Semi-automatic precision rifles are extremely valuable to marksmen. Compared to precision bolt-action rifles, semi-autos are more versatile, offer faster follow-up shots and provide more firepower. First-round hits are critical in military and law enforcement circles, but follow-up shots are just as important.

Semi-autos make it easy to watch your hits without having to come off the rifle. Unfortunately, big-bore semi-autos have had a rocky history. Cold-bore consistency with early .308 Winchester/7.62mm NATO ARs was dismal. M1A rifles were better, but equipping and maintaining them could be costly. Thankfully modern big-bore ARs have leapt forward exponentially lately in terms of accuracy and reliability. Naturally, this has all led the way for military and police snipers to use similar platforms but with larger chamberings and more power.

More Power

The .338 Lapua Magnum is currently the most popular intermediate soft-target cartridge for militaries and even a few police agencies. While the .50 BMG works as an anti-materiel cartridge, it ‘s just not practical for much else. Big .50s are heavy, with major recoil and punishing muzzle blasts. While their penetration is impressive, it’s too much for urban work. Operators needed a rifle that bridged the gap between the .308 and the .50. For years, the .300 Winchester Magnum filled that role in America, but it’s not much more than a faster .308. The rest of the world has been using the .338 Lapua with great success. The U.S. is finally recognizing its value, as shown by SOCOM’s selection of the Remington MSR in 2013. What we needed next was inevitable: a semi-auto .338 Lapua.

Building a reliable semi-auto in .338 Lapua Magnum is not easy. With the increase in scale, you’ll also run into an increase in problems. The magazines have to run flawlessly, and this alone has taken companies a few years to work out. Several companies have their own takes on semi-auto .338s, and I’ve tested most of them. Some focus on portability while others try to cut down on weight, and various gas systems are used. One company, Alexander Arms, has unveiled a rather innovative design—the Ulfberht.

Meet The Ulfberht

Bill Alexander of Alexander Arms is known for building tough, reliable and proven AR-based rifles. He’s always looking to improve on the 5.56mm NATO cartridge, and his 6.5 Grendel does that nicely while his .50 Beowulf provides serious energy on target in a compact package designed for close quarters. So it only makes sense that Bill would work with another powerhouse cartridge, the .338 Lapua, to create his semi-auto Ulfberht.

First off, everything about the Ulfberht is built to last. The rifle starts with a forged 9310 steel receiver and an aluminum top cover. The 27.5-inch, 4150 chrome-moly barrel features six-groove, 1-in-9.3-inch-twist, Enfield- pattern rifling. The muzzle sports 18×1.5 threading—a common European .338 Lapua thread pattern—and comes equipped with a three-prong flash suppressor made of 4140 steel.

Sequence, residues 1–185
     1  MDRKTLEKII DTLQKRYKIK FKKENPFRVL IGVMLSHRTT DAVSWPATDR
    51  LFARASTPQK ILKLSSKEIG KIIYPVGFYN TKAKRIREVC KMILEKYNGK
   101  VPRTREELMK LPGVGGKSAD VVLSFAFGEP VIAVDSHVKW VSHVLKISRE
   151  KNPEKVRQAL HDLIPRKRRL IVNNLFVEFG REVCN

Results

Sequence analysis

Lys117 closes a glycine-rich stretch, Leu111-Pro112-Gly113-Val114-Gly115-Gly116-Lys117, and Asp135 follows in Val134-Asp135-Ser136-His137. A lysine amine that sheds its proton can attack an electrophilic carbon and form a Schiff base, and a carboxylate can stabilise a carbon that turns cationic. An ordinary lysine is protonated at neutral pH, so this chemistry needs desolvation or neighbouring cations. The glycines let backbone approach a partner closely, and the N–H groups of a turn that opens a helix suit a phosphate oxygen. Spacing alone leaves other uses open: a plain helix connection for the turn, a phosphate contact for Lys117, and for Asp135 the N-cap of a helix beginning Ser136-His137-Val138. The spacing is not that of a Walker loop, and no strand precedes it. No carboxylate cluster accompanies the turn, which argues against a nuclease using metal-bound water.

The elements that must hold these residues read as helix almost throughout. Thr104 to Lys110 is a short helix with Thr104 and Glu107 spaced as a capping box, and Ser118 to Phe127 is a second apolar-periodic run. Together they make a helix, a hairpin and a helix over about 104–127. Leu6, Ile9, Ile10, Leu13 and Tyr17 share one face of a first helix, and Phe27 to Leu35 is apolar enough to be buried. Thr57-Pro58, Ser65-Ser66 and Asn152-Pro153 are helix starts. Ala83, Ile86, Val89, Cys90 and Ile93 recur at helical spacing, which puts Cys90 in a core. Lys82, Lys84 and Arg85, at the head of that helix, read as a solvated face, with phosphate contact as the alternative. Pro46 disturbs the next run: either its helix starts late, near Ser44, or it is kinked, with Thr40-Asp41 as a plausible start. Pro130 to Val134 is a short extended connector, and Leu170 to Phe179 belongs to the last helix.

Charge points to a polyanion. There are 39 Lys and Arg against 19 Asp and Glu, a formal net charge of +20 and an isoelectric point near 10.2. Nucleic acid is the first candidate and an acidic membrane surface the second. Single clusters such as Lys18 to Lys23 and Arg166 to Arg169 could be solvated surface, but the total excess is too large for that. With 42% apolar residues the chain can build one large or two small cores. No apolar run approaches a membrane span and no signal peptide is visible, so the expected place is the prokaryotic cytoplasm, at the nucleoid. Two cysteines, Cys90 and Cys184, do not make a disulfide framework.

Another special feature is the rifle’s adjustable gas piston operating system. The gas block is made of casehardened 8620 steel while the carrier, bolt and extractor are all made from 17-4 precipitation-hardened stainless steel. The recoil springs are rated for 6 million cycles. The twin ejectors are crafted from S7 tool steel, and the locking lugs are made from hardened 8620 steel. A large charging handle is mounted on the right side of the receiver.

Surrounding the barrel and piston system is a hardcoat anodized aluminum handguard with a long top rail that mates up with the receiver’s for a full-length, 30-MOA-offset mounting platform for scopes and accessories. The handguard features several lightening cuts, and its smooth sides and bottom are drilled and tapped for adding accessory rails where needed.

The Ulfberht comes with a folding Magpul PRS stock for easier carry and transport. Mounted solidly to the receiver with a steel hinge, the stock locks into place when it’s folded and extended. You can release the stock with one hand using the top-mounted release button. Also, the PRS design features thumbwheels that allow you to adjust the length of pull and cheek height with just your fingers.

The pistol grip is a Hogue Deluxe model, while the safety is similar to an AR’s. As for the trigger, a Geissele Automatics two-stage, 4.5-pound SSA unit is installed. A paddle-style magazine release is located just in front of the triggerguard. The Ulfberht uses Alexander Arms’ own reinforced-polymer, double-stack, 10-round magazines. My test Ulfberht came in a hard case with custom-fitted foam inserts and four magazines.

For optics, Bill Alexander was kind enough to send along a Steiner 5-25x56mm M5Xi Military scope with an H59 reticle as well as a set of Seekins Precision rings of the proper height.

Precision Training